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Robert J. Burrowes's blog
As we evaluate the outcomes of the recent UN climate negotiations in Warsaw, one lesson that we are invited to learn, again, relates to our strategy for getting effective action taken on the ongoing climate catastrophe and other critical environmental problems. Is lobbying elites to change their behaviour an effective strategy for change?
My experience, reinforced by decades of casual observation, is that lobbying elites is a complete waste of time and that a strategy that focuses on inviting ordinary individuals and groups to take action in the desired direction is far more effective. Why do I say this?
The pre-eminent problem confronting humankind is human violence. It is our own violence, in its various guises, including the ongoing possibility of nuclear war and the ongoing devastation of the natural environment, that threaten to consign us to the fossil record within decades, if not sooner. And yet we devote virtually no effort to trying to understand human violence and to developing strategies to end it. Why?
Every day, human adults kill 35,000 of our children. We kill them in wars. We kill them with drones. We kill them in our homes. We also kill children in vast numbers by starving them to death in Africa, Asia and Central/South America because we use military violence to maintain an ‘economic’ system that allocates resources for military weapons, as well as corporate profits for the wealthy, instead of resources for living.
What is the measure of a human being? Is it their wealth? Their wisdom? Their spirituality? Is it something that can be measured from the outside? What if it is something else altogether?
Each human being is genetically programmed with a drive to seek and find meaning in life and it will endeavour to do this throughout its life if it is allowed to do so. What constitutes ‘meaning in life’ varies from one individual to the next and is dependent on many factors (including the genetic endowment, social context and the natural environment) but the ultimate outcome would be what is sometimes described as consciousness or Self-realization in a form that would be unique for each individual.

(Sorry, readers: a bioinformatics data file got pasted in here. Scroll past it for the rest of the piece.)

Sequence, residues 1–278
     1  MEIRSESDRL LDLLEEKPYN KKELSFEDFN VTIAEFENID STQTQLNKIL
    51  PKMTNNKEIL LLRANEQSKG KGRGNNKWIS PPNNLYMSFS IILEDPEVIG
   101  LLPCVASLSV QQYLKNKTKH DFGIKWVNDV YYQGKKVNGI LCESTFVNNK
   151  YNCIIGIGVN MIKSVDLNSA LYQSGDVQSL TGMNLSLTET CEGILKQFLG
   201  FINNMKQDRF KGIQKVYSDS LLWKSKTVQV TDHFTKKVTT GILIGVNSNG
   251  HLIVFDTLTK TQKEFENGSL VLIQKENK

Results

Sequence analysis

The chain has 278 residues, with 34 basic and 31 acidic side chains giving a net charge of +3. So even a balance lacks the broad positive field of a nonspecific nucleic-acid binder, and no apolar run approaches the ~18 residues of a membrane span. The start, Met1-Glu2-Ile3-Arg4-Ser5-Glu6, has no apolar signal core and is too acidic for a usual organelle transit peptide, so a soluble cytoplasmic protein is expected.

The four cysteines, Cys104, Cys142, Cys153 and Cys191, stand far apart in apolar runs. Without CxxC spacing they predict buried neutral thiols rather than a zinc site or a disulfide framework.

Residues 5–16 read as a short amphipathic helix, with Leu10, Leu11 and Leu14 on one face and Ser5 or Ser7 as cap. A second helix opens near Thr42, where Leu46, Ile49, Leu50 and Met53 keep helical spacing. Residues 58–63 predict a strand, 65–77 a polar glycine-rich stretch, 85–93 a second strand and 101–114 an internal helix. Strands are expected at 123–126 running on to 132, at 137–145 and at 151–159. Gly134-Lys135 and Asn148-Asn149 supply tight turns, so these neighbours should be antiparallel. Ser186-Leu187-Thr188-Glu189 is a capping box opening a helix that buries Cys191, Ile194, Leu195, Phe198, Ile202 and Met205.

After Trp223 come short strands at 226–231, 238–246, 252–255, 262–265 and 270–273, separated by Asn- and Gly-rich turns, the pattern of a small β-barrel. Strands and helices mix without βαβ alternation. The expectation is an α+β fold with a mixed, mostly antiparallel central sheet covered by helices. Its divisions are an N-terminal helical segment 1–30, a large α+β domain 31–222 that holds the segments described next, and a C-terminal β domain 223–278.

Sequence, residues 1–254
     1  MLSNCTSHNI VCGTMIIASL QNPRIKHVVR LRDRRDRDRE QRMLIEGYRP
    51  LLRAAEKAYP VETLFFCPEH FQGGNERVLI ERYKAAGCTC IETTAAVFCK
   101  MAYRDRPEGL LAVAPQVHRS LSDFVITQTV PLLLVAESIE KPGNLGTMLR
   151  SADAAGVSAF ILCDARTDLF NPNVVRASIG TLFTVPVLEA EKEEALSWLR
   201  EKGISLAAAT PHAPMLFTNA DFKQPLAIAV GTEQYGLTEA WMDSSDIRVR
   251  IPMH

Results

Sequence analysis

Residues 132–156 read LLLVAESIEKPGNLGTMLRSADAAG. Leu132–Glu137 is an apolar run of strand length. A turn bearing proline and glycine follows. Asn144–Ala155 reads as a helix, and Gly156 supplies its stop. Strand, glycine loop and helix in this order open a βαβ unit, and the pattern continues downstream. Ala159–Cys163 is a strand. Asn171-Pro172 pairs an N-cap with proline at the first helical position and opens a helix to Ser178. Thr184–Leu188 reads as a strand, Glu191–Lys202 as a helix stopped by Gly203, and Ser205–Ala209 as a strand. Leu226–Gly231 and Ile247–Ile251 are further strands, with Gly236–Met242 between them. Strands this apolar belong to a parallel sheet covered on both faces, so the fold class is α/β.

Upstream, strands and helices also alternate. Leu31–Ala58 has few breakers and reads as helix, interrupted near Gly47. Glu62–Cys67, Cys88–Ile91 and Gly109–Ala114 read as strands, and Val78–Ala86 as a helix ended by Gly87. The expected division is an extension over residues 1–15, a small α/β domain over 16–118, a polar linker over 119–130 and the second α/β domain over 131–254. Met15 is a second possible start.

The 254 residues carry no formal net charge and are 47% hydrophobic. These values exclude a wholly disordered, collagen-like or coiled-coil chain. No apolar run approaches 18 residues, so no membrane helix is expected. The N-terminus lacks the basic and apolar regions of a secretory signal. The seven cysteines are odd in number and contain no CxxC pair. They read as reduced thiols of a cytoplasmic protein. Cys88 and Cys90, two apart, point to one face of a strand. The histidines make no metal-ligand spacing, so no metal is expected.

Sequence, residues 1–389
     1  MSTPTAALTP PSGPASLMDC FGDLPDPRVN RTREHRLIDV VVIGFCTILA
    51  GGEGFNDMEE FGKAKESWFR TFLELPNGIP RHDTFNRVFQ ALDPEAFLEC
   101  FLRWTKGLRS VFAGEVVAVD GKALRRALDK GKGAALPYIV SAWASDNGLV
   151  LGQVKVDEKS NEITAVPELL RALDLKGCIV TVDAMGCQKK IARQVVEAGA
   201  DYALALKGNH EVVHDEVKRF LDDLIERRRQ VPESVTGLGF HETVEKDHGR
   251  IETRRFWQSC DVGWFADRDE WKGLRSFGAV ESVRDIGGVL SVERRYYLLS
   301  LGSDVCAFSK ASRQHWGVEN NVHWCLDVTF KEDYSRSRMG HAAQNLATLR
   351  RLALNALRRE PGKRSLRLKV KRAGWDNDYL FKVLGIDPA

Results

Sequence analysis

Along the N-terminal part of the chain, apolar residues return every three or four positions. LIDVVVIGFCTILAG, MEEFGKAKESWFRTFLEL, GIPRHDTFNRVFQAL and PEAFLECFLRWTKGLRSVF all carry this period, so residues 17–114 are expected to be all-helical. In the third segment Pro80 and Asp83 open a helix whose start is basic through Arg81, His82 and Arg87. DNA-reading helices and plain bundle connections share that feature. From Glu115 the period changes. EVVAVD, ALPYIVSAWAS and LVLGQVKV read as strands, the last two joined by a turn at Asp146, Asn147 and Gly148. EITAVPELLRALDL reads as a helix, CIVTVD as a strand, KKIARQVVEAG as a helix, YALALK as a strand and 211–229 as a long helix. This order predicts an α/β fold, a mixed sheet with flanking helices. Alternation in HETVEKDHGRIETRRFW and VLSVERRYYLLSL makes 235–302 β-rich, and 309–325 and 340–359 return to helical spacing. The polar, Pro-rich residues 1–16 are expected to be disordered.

Violence is the most pervasive and destructive human problem of them all. It has been present for as long as history records. We are mired in it, all over the world, every day of our lives. It now threatens to obliterate us from the historical record within decades, if not sooner.
What is violence? Let me define this phenomenon more precisely so that we might tackle it more effectively.
Violence is social interference in the genetically programmed feelings, thoughts, sensing and/or behavior of another organism. It might be inflicted by an individual or an institution.
As we approach the International Day of Nonviolence on 2 October, which recognizes Mahatma Gandhi’s birthday, one challenge we face is to celebrate his life in a way that Gandhi himself would have found meaningful. Gandhi was not a man of token gestures. His life was dedicated to his search for the Truth and guided by his passionate belief that nonviolence was the means to reach it. He was a visionary who was profoundly aware of the damage human violence is doing to ourselves, each other and the Earth.
Despite his example, most of us are familiar with those horror lists that reveal the extent of our ongoing violence. Here is a sample just to refresh your memory.
While the history of the involvement of psychiatrists and psychologists in torture programs for political purposes is, tragically, extensive (see, for example, ‘Political Abuse of Psychiatry: An Historical Overview’ and ‘Psychiatry during the Nazi era: ethical lessons for the modern professional’), the tragedy, with more variations, continues worldwide as you read this article.
The common phrase is ‘law and order’ but does the legal system deal with dysfunctional social behavior in ways that keep us safe?
As our world continues to unravel in response to the impact of our uneconomic activities on ecological systems, it is obviously worth asking searching questions about the nature of modern society. By doing this we can make intelligent decisions about the direction in which we should move as we thoughtfully respond to the interrelated crises we face.
For many people, the central question is this: Will tinkering with human society be enough to get us out of this mess? Many people think not and I am one of them. For the moment, however, rather than focus on the nature of the economy, political systems or other aspects of modern societies, I would like to discuss the issue of education.